Any Liverpool fans who have seen the reports linking the club to Barcelona junior Gerard Deulofeu should start to get excited. The starlet has enormous potential and has already attracted attention from Premiership rivals Chelsea and Arsenal. But more than that, he comes from the same stock as Cesc Fàbregas and former Manchester United youngster Gerard Piqué, who is now back at Barcelona after a £7 million move and making a name for himself. Here’s a taster of what we’re in for if Deulofeu does move to the Premiership:

Why would Deulofeu move away from the La Liga leaders? Well English football does have a pretty good track record of developing raw talent and, crucially, blooding players at a much younger age than on the continent. Three players currently in the Premiership instantly spring to mind. The aforementioned Fàbregas is the stand out example after becoming the beating heart of an Arsenal midfield that has rarely looked short of pace, power and creativity even in the aftermath of Patrick Vieira‘s transfer away from the club. Another Arsenal fledgling, Gaël Clichy, assumed first team duties after Ashley Cole moved across the capital and has never looked back. More recently, Sir Alex Ferguson plucked Rafael da Silva from the youth system at Brazilian club Fluminense and handed him a run in the first team – landing Rafael a reputation as one of the finest young full backs in world football and increasing the anticipation surrounding the return from injury of his twin brother Fábio.

That said, they haven’t all been successful, and Liverpool has been one of the culprits of mishandling youthful potential. The French cousins Anthony Le Tallec and Florent Sinama-Pongolle, signed from Le Havre in 2001, made just 55 appearances between them in the course of a combined nine years. And the two strikers amassed a measly four goals in that entire time. Chelsea wasted an astonishing £4 million on then 16-year-old Serb Slobodan Rajković in 2005, while even Arsenal have made their mistakes with serial Serie A and Championship flop Arturo Lupoli.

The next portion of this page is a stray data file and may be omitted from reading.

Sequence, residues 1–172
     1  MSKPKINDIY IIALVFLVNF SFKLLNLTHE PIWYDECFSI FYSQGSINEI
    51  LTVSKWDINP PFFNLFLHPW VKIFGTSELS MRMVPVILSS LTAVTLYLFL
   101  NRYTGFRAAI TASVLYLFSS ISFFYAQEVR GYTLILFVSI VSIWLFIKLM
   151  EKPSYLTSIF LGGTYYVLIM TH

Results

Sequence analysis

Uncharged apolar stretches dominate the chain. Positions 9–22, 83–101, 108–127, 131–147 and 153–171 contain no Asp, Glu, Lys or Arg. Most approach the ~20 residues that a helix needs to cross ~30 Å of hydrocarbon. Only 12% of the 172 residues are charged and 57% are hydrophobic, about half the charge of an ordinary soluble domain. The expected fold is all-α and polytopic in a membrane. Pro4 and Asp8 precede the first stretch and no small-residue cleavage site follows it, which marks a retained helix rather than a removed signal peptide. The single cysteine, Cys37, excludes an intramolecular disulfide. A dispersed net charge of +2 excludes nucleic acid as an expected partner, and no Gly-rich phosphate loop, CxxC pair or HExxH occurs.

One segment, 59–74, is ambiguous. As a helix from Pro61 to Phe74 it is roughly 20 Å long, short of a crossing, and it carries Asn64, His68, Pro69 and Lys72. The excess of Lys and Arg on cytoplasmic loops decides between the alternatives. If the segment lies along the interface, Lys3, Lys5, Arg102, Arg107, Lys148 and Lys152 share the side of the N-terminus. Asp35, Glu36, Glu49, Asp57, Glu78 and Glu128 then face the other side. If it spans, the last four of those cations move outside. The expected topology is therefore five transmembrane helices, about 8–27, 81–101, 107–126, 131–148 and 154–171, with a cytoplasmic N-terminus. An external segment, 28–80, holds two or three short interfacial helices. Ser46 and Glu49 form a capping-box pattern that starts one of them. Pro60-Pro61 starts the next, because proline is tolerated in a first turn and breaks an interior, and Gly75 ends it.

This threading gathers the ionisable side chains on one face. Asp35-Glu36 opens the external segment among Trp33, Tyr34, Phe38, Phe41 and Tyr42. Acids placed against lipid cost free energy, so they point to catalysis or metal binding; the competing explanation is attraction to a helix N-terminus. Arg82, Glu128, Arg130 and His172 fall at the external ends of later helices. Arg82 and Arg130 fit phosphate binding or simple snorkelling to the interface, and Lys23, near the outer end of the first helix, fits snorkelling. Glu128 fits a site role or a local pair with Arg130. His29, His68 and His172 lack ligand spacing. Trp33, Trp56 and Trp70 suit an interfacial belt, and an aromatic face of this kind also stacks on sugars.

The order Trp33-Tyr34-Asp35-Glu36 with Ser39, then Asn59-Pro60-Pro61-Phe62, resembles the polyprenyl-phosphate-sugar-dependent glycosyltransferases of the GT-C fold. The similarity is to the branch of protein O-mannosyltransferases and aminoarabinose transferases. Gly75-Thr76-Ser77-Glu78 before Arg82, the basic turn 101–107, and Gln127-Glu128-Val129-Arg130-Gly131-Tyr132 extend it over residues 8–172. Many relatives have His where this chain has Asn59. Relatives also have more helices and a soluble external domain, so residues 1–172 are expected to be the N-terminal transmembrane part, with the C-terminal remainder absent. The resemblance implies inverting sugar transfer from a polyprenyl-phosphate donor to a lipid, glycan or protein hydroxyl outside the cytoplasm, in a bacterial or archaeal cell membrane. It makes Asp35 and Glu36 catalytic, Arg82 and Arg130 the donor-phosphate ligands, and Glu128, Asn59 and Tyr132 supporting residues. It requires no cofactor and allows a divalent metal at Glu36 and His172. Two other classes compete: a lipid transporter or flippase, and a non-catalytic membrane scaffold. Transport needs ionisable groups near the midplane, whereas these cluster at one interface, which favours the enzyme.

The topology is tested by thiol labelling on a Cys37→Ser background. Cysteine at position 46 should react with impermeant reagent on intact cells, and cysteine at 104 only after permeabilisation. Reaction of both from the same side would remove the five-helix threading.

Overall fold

Deulofeu beware – the grass isn’t always greener in a far off land, although we do get an awful lot more rain to water it.

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Danny boy

January 23, 2009

SOCCER-EUROPE-SUPERCUP/Meet the €30 million man who might just make Andrei Arshavin‘s protracted move to Arsenal finally materialise. Danny Alves has played five games for Portugal, had never appeared in European competition before this season and was the third biggest transfer of 2008 after Dimitar Berbatov and Robinho.

So what possessed Zenit Saint Petersburg to make Danny the most expensive player in Russian Premier League history? His record at former club Dynamo Moscow had been impressive if not awe inspiring. But it was the seemingly inevitable impending transfer of club colleague Arshavin last summer that forced Zenit’s hand. Faced with losing their most prized asset in the wake of his glorious performances at Euro 2008, Danny was brought in to take over the creative torch in their midfield.

However, Arshavin was then priced out of a move to any of the long list of admirers from the Premiership, La Liga and Serie A, and Zenit were left with two attacking midfielders in their team. The result is good news for Arsenal, but even better news for Danny. Arshavin has clearly been deemed surplus to requirements by the club in light of Danny’s impressive form. The Portuguese finished second in the Premier League scoring charts with 10 goals, and was named man of the match on his debut in the UEFA Super Cup win against the champions of Europe, Manchester United. In the Champions League earlier this season he was again named man of the match as he helped tame Juventus, while Danny capped the season with a first goal for Portugal against Brazil. In short, he well and truly stole his Russian counterpart’s thunder.

It does beg the question of whether Arshavin has the mental fortitude at the age of 27 to blend his mercurial talents with the likes of Tomáš Rosický, Samir Nasri and Robin van Persie. And, perhaps more to the point, if Arsenal are chasing the wrong Zenit playmaker.